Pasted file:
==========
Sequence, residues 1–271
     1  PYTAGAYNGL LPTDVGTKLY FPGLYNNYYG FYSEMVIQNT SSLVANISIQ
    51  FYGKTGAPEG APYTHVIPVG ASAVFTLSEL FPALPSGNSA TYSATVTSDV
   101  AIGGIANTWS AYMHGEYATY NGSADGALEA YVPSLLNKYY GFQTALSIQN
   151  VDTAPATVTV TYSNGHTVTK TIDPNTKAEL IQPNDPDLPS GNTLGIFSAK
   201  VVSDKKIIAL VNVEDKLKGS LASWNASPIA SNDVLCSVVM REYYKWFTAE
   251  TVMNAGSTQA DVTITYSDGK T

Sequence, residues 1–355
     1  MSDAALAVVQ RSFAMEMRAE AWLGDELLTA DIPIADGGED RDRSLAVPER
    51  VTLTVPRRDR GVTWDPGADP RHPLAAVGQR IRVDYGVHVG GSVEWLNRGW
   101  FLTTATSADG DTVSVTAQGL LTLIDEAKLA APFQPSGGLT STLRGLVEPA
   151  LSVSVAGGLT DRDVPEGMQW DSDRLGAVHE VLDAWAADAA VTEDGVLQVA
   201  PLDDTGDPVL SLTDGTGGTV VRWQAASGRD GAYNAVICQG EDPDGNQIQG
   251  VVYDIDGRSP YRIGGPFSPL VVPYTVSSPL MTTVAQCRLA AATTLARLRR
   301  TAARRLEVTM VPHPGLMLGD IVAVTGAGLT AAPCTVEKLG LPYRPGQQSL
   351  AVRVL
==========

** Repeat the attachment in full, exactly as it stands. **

Sequence, residues 1–271
     1  PYTAGAYNGL LPTDVGTKLY FPGLYNNYYG FYSEMVIQNT SSLVANISIQ
    51  FYGKTGAPEG APYTHVIPVG ASAVFTLSEL FPALPSGNSA TYSATVTSDV
   101  AIGGIANTWS AYMHGEYATY NGSADGALEA YVPSLLNKYY GFQTALSIQN
   151  VDTAPATVTV TYSNGHTVTK TIDPNTKAEL IQPNDPDLPS GNTLGIFSAK
   201  VVSDKKIIAL VNVEDKLKGS LASWNASPIA SNDVLCSVVM REYYKWFTAE
   251  TVMNAGSTQA DVTITYSDGK T

Sequence, residues 1–355
     1  MSDAALAVVQ RSFAMEMRAE AWLGDELLTA DIPIADGGED RDRSLAVPER
    51  VTLTVPRRDR GVTWDPGADP RHPLAAVGQR IRVDYGVHVG GSVEWLNRGW
   101  FLTTATSADG DTVSVTAQGL LTLIDEAKLA APFQPSGGLT STLRGLVEPA
   151  LSVSVAGGLT DRDVPEGMQW DSDRLGAVHE VLDAWAADAA VTEDGVLQVA
   201  PLDDTGDPVL SLTDGTGGTV VRWQAASGRD GAYNAVICQG EDPDGNQIQG
   251  VVYDIDGRSP YRIGGPFSPL VVPYTVSSPL MTTVAQCRLA AATTLARLRR
   301  TAARRLEVTM VPHPGLMLGD IVAVTGAGLT AAPCTVEKLG LPYRPGQQSL
   351  AVRVL